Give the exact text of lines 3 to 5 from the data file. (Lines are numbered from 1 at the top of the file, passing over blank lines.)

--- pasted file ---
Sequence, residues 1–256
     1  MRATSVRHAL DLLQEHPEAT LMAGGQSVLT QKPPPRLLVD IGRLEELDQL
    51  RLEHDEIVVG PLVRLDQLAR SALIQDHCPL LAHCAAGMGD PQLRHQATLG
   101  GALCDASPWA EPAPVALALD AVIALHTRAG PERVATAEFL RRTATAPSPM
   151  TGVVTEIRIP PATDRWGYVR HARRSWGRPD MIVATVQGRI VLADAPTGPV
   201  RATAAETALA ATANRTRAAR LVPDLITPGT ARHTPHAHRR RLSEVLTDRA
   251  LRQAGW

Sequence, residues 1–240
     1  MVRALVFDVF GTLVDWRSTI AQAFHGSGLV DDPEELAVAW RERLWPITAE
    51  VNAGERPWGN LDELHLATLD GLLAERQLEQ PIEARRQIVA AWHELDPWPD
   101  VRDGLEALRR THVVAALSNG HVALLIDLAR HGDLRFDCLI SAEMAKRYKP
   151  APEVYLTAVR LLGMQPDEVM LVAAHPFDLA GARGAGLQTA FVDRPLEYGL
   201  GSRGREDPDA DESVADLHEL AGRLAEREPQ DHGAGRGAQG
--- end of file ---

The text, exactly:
    51  RLEHDEIVVG PLVRLDQLAR SALIQDHCPL LAHCAAGMGD PQLRHQATLG
   101  GALCDASPWA EPAPVALALD AVIALHTRAG PERVATAEFL RRTATAPSPM
   151  TGVVTEIRIP PATDRWGYVR HARRSWGRPD MIVATVQGRI VLADAPTGPV